News of extra jobs tempered by caution in Ontario auto sector

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Chrysler Pacifica will be built at the Windsor assembly plant.

Good news from Fiat Chrysler is somewhat tempered by a warning from Ford. At the Canadian International Auto Show in Toronto, the CEO of Fiat Chrysler Automobiles (FCA) Canada, Reid Bigland, announced that the company has hired twice as many new workers at the Windsor assembly plant as had originally been expected. Over the past nine months, FCA has added 1,200 workers and invested $3.7 billion in the Windsor plant in preparation for building the Chrysler Pacifica minivan. The Windsor plant now employs around 6,000. Bigland said that he was “very proud” that the company is doing its part in Windsor, and for the Canadian economy.

That economy, however, is at risk, according to both Bigland and Ford Canada CEO Dianne Craig. Also speaking at the auto show in Toronto, Craig said that the Trans-Pacific Partnership (TPP) deal negotiated by the Harper government will be a bad deal for Canada, with “no positive outcome for Canadian manufacturing.” The Ford executive said that her company supports free trade but it has to be “fair trade” as well. She also warned that Canada could lose more new auto-sector investment to Mexico if the government does not do more to attract investment.

This view is echoed by Canada’s auto industry advisor, Ray Tanguay. The former Toyota Canada CEO wants to see the Canadian and Ontario governments work more closely together to facilitate investment in Canada. Mexico, Tanguay said, has developed a successful model in ProMexico, a focused “window of concierge services” they provide to investors. He said that he has learned, since taking on the advisory role last June, that Canada has an image problem when it comes to foreign investment in the auto industry. Canada is seen as an expensive place to build cars, and one where it is difficult to negotiate with two levels of government bureaucracy, provincial and federal.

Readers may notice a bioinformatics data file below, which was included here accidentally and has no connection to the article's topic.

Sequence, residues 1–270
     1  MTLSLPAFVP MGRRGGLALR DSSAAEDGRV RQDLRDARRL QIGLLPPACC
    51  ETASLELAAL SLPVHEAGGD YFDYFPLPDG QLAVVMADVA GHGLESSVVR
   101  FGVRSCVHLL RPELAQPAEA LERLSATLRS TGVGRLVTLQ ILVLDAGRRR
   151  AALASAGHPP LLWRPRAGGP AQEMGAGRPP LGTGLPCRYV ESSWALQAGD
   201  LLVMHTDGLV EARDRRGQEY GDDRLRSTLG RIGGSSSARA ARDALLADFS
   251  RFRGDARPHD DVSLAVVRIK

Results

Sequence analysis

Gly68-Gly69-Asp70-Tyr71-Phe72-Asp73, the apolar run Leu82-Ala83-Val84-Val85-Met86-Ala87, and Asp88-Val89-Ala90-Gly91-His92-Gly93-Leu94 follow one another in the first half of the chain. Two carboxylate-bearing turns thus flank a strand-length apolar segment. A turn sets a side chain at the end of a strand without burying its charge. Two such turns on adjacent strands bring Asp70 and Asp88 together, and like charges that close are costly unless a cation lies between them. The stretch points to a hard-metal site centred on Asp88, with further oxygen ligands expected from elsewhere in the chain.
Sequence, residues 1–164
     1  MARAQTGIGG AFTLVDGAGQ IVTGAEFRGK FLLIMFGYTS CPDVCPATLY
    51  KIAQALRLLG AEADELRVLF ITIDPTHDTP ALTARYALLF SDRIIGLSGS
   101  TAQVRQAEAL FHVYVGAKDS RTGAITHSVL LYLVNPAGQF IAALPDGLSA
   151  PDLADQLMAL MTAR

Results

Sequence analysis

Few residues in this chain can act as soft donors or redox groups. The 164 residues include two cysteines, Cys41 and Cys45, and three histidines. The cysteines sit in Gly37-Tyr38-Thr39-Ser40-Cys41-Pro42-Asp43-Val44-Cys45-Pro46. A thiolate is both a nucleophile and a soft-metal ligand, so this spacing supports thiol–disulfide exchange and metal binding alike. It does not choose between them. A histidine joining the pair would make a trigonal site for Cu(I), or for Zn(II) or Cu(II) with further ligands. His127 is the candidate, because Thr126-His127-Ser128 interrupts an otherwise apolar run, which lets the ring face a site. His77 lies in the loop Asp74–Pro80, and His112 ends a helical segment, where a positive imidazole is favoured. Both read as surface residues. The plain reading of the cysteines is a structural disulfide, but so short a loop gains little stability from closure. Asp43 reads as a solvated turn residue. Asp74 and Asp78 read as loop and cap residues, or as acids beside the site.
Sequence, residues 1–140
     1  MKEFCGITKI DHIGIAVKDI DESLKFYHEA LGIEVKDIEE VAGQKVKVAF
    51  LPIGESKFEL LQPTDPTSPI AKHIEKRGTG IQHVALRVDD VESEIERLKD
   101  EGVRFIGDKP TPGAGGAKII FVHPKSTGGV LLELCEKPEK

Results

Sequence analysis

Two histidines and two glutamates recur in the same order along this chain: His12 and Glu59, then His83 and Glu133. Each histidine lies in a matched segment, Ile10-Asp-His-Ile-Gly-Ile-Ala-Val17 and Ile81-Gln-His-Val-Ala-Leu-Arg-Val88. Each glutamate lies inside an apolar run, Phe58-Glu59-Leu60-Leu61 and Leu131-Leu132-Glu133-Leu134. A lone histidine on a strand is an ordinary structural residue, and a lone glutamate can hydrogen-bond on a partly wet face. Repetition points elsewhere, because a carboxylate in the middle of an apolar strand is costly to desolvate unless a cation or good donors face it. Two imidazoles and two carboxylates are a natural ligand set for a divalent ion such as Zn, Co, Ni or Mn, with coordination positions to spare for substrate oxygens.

The benefits that Ontario has to offer are strong—the highly educated and skilled workforce, universal health care, relatively low corporate taxes, the favourable currency exchange with the US, and the already established auto production cluster—but more needs to be done to sell these benefits. They outweigh the cheap labour costs of Mexico, reportedly $5–$8 per hour, he said.

Tanguay will be delivering a report and his recommendations to both levels of government later this year.

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